Ireland prepares to rise to the challenge of Brexit

Andy jalil – –

With its close association with the UK, the impact of Brexit will be more profound in Ireland than in any of the other 26 countries in the EU.
Whether Britain is heading for economic disadvantage or indeed beginning a new era of economic independence, Brexit has serious implications for the Republic of Ireland.
With several international companies seeking to relocate from London, Ireland will certainly benefit but it also faces losing a lot of direct business with Britain, its biggest trading partner.
This is inevitable because of imposition of tariffs, increased export/import costs and the drop in the value of sterling. Ireland will have to put up with the change in the business relationship with the UK.
While many international companies will look to move their European offices from the UK to maintain relations with the EU, they will not all be thinking of setting up in Dublin.
The Irish capital will be competing with Frankfurt, Paris and Amsterdam who are all willing to welcome them and it’s up to Ireland to ensure it makes its capital attractive and a preferred city from where to conduct business.
Ireland’s Minister for Jobs, Enterprise and Innovation Mary Mitchell O’Connor, who has been working closely with the IDA, the agency for inward investment, to ensure Dublin can continue to attract foreign direct investment (FDI) after Brexit, said, “We have to keep ensuring that our capital city remains competitive and that it is an attractive and desirable location to live and work.
IDA Ireland already excels at attracting international business to all parts of Ireland, including Dublin, and that will continue to be its key task.”
The minister added, “We need to look everywhere — at all corners of the globe.
IDA Ireland is continuously working to ensure that prospective investors, on every continent, are aware of why Ireland remains such a good country in which to invest.”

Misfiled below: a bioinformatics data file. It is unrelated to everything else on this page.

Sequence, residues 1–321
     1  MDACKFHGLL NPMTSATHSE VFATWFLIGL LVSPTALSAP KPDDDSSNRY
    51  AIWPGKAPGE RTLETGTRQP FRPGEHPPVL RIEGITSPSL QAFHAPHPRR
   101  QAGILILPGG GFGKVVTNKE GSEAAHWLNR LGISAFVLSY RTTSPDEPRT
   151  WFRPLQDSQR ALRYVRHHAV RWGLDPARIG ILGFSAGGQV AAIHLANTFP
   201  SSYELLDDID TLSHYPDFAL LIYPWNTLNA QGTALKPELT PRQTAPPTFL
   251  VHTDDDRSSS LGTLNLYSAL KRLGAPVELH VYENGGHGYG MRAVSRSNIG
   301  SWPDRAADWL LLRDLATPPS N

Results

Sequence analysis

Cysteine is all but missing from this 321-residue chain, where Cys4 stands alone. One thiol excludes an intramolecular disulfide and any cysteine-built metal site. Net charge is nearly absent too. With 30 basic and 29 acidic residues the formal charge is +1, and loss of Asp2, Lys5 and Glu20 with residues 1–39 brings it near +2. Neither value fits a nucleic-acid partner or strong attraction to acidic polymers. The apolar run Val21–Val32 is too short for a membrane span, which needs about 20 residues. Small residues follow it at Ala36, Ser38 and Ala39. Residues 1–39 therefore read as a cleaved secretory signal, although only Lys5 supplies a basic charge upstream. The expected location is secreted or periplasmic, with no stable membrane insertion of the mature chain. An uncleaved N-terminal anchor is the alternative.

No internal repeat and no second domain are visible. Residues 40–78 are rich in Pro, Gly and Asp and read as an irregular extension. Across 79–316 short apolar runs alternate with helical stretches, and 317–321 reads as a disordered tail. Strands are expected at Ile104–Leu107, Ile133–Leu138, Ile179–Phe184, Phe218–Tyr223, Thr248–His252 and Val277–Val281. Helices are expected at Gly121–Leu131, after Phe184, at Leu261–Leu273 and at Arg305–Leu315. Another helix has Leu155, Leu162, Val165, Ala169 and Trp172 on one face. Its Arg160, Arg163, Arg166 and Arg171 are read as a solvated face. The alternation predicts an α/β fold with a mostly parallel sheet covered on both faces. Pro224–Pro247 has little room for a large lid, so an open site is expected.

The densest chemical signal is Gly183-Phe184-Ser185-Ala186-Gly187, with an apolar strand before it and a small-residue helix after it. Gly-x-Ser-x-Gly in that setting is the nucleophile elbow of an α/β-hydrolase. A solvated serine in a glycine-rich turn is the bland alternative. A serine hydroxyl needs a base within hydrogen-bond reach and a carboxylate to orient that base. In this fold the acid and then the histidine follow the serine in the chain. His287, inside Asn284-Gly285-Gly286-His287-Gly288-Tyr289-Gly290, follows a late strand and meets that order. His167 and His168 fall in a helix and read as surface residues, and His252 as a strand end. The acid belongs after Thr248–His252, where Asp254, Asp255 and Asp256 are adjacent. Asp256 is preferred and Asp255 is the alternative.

Although the IDA’s focus is on attracting foreign companies into all parts of the country, there will be an emphasis on Dublin as the “front office” to the rest of Ireland, and it will be important to highlight Dublin’s strengths if it’s going to compete against other European cities in the battle to convince multinational companies to come.
One of the key tasks facing Dublin is to upgrade its infrastructure.
The Government’s Capital Investment Plan, published in September 2015 by the Department of Public Expenditure and Reform, outlined a 42 billion euros framework for improving infrastructure from 2016 to 2021.
“We need to keep investing in our infrastructure. That means providing housing and office accommodation, transport links, broadband, water and all the facilities and services that the best cities in the world offer,” said O’Connor.
Alan Murphy, European chairman of Eversheds Sutherland — which provides legal services to companies around the globe and provides expert advice in managing the implications of Brexit — mentioned the benefit of low corporation tax.
He said, “We have to emphasise the other reasons why companies are doing business in Ireland, I think we have a lot of other strengths going for us. We would have a very well-crafted and user-friendly regulatory regime compared to other jurisdictions.
If you looked at the area of funds, in which we have a strong presence in Europe, it would be a fit-for-purpose, user-friendly regime.
We also have a common-law jurisdiction, so companies understand our legal system more instinctively than they might in other jurisdictions, because that’s what they have been used to. We are also the only English-speaking country left in the EU.”
The good news is that work on Dublin’s infrastructure has been going on. The new Luas Line link up the north and south of the city centre is almost complete, and the new 320 million euros runway for Dublin Airport which was stalled by the recession, has finally been given the go-ahead.
“Dublin is a city with deep historic and cultural traditions that is also now an innovative, hard-working, dynamic European capital city,” said O’Connor.
“Dublin’s track record is really important. We would see it as a very successful place for FDI”, said Mary Buckley, Executive Director of the IDA.
She mentions the clusters of science, technology and finance companies already in situ — more than 750 overseas companies in the mid-east region, encapsulating Dublin and the necklace of counties around the capital.